Jenny: Sam eats a lot of cliff bars.  He always has one after a show.  It just magically appears in his hand.  In the studio we drank a lot of weird juices from Urban Rustic. I think Alex, our engineer from Headgear, turned us on to that.

Sam: I am fuel.

Jenny, you're moving to Portland soon. Did you have any secret NYC spots that you can now tell us about?

Jenny: Kemmie's Caribbean Restaurant on Gun Hill Road at Bronxwood in the Bronx.  It's not really a secret, just no one wants to go up there. They serve awesome jerk chicken, and ox tail which I have yet to try. [Ed: oxtail is awesome, get it!] It's right across the street from the high school where I work so you have to go before school gets out or it's swarming with kids.

What will you miss, food-wise, about NYC. What won't you miss?

Jenny: Diversity, cheapness.  Probably bagels too although I was never into them before I came here.  I won't miss waiting an hour to be seated in some bullshit restaurant, or really tiny bathrooms.

Do you think you'll cook more in Portland than you did here?

Jenny: Yeah, although I've been cooking a lot lately here too.  Since I live in Williamsburg, I'm surrounded by restaurants, so the incentive to cook is significantly low, especially when it's 1000 degrees in my apartment.

Sam: I would not cook any more in Portland. I would subsist off of craft beer made locally by a variety of top tier brewers. In fact, many people fail to realize that beyond gorgeous scenery, a low cost of living, and all those crazy bridges, Portland is home to some of the finest small scale barley-pop makers in the world.

What food would you imagine your music being paired with?

Jenny: I'm thinking of a stew with very few ingredients. Sam?

Sam: Hunger.

Let’s Do Lunch

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Free for lunch next month? How about coming down to South Street Seaport for some free rock shows curated by this moi? The Fulton Stall Market launches its second season in the old Fulton Fish Market space on May 30 and to help celebrate, the folks behind it asked if I wanted to help put on some daytime shows the first month the Market is open. I said yes and now we've got the Sound Bites Lunchtime Series, which will happen every Wednesday in June. In keeping with the "go local" aspect that is so intrinsic to farmers markets, I stayed with bands from NYC, mostly Brooklyn.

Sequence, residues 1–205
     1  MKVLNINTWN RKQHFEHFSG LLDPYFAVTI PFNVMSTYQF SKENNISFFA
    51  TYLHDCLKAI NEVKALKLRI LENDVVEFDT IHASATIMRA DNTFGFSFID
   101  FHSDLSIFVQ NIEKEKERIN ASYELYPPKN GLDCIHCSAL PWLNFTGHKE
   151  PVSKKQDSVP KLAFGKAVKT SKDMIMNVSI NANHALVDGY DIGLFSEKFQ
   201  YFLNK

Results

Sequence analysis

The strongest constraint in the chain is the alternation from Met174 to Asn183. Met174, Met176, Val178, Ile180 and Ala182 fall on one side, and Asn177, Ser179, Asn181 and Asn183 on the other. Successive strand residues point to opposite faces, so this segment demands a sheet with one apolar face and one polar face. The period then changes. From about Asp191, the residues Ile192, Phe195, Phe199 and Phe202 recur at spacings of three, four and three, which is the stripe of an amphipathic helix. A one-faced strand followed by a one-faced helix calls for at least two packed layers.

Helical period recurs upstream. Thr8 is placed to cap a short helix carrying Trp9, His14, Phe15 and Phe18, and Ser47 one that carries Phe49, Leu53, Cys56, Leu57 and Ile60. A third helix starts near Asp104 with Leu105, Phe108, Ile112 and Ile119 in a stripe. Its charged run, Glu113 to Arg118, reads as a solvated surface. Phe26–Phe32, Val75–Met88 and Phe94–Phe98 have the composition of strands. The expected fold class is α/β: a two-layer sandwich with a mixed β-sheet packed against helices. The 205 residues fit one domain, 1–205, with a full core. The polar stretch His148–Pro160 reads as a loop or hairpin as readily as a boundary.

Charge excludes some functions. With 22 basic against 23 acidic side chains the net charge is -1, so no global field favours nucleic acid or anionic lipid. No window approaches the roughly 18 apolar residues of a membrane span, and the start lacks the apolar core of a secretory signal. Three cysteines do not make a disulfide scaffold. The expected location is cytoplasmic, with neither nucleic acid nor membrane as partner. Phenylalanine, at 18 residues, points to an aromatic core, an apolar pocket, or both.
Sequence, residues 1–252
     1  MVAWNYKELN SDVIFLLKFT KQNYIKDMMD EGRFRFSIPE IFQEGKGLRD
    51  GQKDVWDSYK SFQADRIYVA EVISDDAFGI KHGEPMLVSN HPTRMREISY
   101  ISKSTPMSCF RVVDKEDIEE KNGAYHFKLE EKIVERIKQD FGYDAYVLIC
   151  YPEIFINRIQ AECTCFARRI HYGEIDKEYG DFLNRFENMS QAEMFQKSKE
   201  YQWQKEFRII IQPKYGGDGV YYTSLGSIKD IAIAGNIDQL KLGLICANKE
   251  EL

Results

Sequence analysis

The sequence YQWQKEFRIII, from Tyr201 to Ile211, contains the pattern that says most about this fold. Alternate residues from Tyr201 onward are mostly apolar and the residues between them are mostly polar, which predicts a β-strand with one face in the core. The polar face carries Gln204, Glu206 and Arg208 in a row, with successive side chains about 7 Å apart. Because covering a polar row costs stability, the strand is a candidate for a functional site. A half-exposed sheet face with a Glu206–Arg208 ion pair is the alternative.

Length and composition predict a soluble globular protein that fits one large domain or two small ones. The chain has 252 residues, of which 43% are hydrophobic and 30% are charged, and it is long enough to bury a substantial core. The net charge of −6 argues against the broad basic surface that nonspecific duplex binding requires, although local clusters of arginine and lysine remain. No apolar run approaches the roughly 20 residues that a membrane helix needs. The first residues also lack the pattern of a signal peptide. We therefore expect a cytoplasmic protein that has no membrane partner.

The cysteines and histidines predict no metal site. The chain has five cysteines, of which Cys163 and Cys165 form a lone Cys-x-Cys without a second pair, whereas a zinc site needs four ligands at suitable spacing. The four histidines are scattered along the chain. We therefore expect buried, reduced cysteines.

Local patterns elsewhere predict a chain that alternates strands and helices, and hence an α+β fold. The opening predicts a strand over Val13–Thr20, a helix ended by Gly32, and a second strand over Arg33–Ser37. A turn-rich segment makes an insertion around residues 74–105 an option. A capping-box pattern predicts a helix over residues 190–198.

We'll kick things off Sunday, May 30 — the Market's opening day — with a performance from up-and-comers North Highlands, and then the next five Wednesdays. I'll spin some tunes at noon and then bands go on at 1PM. It's free. Here's the full six-show line-up:

MAY 30 (Sunday kickoff): North Highlands (MP3: "Collar Bones")
Lovely orch-pop from one of the nicest, best new bands in Brooklyn. Their live show is pretty magical.

JUNE 2: Air Waves (MP3: "Knock Out")
Gentle jangle somewhere between Neil Young and Loaded-era Velvet Underground. Great songs, great stories.

JUNE 9: The Austin McCutchen Quartet (MP3: "Honey Don't Be Sad")
A talented songwriter from my neighborhood, playing bluegrass in the single mike style just like olden days.

JUNE 16: Ribbons (MP3: "Total Loss")
Dark and mysterious indie rock. This is one of their last-ever shows so don't miss it!

JUNE 23: The Beets (MP3: "What Did I Do?")
If Eddie Haskel formed a protopunk band, The Beets would be it. Bratty, but always leaving you with a thankyouverymuch.

JUNE 30: Toys and Tiny Instruments Band
The name kind of says it all. Serious pop music, but played playfully. And in miniature.

Again, I DJ for an hour at noon, then the bands play at 1PM. The Fulton Stall Market has local purveyors in addition to farmers, and I'm told they're getting cool food trucks under the FDR, so grab some grub and come watch the bands. Sounds idyllic to me. Sets won't be too long, so if you work in the neighborhood you'll be back at your desk checking Facebook in normal time. If you're not encumbered by a job, I can tell you where the cheep beer is at the Seaport.

The Seaport is one of my favorite places to see shows in NYC, certainly my favorite outdoor space, and I always look forward to the Seaport Music Festival every year (this year's schedule looks great, btw), so I'm honored and pysched to be a little part of it this season. And that it's also promoting local farmers (I try to be a locavore as much as possible), it's even better. Come down if you can, I think it's gonna be a good time.